Leeuwin-Naturaliste National Park

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Leeuwin-Naturaliste National Park is a national park in the South West region of Western Australia (Australia), 267 km south of Perth. It is named after the two locations at either end of the park which have lighthouses, Cape Leeuwin and Cape Naturaliste. It is located in the Augusta-Margaret River and Busselton council areas, and is claimed to have the highest visiting numbers of any national park in Western Australia.

It has significant stands of karri and jarrah forest, as well as an extensive network of caves - some of which are accessible by the public.

The rugged coastline stretches 120 km from the northern end at Bunker Bay to Augusta at the southern end and has many features of interest including the granite formations, sugarloaf rock and canal rocks. The coastal area also contains many beaches with well known surf breaks such as Supertubes, Yallingup beach and Smiths Beach.[2]

The vegetation found in the park varies from the coastal scrub-heath along the coastline that opens up into large areas of peppermint trees, banksia and karri forest.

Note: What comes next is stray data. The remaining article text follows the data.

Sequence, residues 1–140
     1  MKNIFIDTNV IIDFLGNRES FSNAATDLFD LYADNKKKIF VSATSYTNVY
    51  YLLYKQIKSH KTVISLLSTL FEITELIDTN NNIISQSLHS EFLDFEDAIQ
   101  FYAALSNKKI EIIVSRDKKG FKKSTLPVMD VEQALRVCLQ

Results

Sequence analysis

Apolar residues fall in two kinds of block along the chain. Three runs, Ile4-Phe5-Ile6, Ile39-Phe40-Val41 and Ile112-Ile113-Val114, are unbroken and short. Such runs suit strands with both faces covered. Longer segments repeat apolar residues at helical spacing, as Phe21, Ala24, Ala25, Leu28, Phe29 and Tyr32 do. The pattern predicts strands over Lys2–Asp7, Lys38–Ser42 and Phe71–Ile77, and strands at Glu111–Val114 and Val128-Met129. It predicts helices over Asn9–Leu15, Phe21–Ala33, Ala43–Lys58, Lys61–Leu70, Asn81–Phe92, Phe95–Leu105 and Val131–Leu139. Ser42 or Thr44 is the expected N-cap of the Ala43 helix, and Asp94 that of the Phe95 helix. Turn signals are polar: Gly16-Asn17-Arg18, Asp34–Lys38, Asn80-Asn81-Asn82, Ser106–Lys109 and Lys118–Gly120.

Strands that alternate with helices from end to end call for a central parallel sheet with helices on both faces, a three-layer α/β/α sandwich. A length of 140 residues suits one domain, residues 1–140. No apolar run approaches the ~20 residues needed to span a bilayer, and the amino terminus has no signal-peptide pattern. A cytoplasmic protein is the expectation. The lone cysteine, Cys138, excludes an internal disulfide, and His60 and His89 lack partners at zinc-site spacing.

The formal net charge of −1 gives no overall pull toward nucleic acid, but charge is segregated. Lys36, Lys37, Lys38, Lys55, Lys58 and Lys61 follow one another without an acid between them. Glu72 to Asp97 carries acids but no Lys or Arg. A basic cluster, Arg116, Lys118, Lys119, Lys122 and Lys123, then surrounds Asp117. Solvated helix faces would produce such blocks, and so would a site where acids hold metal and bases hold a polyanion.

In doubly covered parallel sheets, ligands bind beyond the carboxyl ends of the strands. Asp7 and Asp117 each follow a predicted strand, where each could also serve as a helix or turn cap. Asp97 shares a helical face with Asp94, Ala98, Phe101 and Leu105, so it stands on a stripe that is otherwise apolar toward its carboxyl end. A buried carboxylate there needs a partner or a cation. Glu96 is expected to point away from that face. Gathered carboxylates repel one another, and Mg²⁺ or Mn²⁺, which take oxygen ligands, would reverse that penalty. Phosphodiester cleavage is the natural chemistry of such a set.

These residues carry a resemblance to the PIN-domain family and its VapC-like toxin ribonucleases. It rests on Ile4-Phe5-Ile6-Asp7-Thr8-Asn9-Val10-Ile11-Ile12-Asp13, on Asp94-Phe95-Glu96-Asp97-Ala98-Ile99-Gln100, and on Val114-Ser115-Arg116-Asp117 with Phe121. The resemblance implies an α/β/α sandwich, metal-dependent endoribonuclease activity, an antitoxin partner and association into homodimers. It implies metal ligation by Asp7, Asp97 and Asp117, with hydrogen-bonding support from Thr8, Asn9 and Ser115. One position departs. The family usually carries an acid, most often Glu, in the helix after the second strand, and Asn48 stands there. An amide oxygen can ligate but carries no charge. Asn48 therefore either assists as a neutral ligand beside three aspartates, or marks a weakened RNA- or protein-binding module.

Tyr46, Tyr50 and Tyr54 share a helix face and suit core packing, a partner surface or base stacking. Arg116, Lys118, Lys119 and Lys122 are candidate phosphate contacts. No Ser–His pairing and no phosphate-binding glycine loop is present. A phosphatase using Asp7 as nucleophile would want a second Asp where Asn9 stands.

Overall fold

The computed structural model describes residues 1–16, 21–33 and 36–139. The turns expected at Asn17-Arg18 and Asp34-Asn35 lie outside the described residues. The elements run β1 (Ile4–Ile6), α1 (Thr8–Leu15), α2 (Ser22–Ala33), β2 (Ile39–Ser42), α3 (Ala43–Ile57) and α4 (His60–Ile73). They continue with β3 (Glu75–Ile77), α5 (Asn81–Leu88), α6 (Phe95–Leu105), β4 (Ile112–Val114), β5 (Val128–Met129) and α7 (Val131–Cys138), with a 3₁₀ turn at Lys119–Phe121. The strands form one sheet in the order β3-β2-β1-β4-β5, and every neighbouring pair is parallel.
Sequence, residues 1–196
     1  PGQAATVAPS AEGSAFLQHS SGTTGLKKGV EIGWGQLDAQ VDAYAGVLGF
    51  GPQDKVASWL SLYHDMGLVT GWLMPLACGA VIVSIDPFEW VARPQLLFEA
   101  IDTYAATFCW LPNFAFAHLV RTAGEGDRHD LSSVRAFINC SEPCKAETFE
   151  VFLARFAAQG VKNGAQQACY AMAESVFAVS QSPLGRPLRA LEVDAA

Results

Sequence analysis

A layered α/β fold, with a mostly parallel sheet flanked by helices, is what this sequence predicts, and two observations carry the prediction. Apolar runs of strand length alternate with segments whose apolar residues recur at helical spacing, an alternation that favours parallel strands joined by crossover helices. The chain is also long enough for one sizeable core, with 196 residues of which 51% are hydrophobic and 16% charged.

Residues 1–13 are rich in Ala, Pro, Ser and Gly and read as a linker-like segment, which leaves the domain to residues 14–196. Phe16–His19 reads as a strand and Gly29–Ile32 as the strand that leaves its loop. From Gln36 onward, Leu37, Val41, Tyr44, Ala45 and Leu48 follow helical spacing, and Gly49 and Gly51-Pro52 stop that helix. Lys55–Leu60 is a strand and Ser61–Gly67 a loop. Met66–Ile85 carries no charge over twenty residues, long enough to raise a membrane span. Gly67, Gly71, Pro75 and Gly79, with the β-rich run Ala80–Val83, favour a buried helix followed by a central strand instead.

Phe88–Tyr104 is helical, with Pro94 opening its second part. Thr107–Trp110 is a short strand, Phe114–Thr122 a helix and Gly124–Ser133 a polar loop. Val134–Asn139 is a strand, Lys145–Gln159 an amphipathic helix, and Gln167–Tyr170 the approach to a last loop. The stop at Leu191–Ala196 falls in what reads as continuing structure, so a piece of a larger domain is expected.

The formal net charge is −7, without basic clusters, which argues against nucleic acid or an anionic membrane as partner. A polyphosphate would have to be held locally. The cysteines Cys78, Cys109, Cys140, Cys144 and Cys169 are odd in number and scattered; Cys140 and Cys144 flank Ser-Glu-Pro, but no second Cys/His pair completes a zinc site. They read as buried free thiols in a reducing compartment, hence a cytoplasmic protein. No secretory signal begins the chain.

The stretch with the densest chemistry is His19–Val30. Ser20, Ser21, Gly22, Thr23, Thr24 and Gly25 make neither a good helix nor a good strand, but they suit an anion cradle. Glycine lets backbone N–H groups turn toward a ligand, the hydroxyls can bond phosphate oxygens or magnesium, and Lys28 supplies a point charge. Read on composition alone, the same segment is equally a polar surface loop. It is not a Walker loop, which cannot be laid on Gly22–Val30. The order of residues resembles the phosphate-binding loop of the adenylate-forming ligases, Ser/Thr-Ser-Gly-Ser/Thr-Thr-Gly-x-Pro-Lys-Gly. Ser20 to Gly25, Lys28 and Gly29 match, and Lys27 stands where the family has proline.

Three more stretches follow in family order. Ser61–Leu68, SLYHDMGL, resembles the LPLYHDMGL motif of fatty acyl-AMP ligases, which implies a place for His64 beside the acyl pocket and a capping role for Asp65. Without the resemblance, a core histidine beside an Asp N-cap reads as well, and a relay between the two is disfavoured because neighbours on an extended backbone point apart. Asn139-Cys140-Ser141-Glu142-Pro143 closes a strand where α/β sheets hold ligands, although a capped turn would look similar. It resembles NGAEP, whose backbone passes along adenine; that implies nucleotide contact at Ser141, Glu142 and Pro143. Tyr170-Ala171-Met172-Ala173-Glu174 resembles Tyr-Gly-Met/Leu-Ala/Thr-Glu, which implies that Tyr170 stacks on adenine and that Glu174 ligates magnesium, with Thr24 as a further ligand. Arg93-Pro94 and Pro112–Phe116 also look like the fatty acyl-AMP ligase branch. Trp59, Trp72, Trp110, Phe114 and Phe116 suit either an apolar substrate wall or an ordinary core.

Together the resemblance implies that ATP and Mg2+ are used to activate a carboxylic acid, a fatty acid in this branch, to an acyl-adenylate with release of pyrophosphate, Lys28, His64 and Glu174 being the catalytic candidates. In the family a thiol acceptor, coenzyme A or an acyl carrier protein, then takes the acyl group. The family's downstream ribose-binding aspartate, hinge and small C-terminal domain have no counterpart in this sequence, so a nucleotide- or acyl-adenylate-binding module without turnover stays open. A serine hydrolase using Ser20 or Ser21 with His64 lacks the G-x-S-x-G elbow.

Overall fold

A large variety of bird species inhabit the park including many sea birds, Red-eared Firetail, White-breasted Robin, Rock Parrot and Emu. Native mammals that can be found within the park include Southern Brown Bandicoots, western grey kangaroos, Common Ringtail Possum and brush-tailed wallabies.


Leeuwin - Naturaliste Ridge

The national park was created from crown lands along the Leeuwin - Naturaliste ridge at a time after the main primary industries in the region had been dairying and forestry, and when increased land use conflict was arising from the spread of wineries, increased population on hobby farms and other agricultural activities.

Since then many competing land uses have created a complex land management scenario for state and local government authorities trying to mediate quite conflicting issues. The national park is located on the some of the most vulnerable land in the region.

The ridges geology and the variations in vegetation are confined to a number of very narrow bands that follow the north–south orientation of the ridge.

The ridge has a whole series of caves that run the length of the ridge. It also has the cave known as Devil's Lair which has important archaeological significance.

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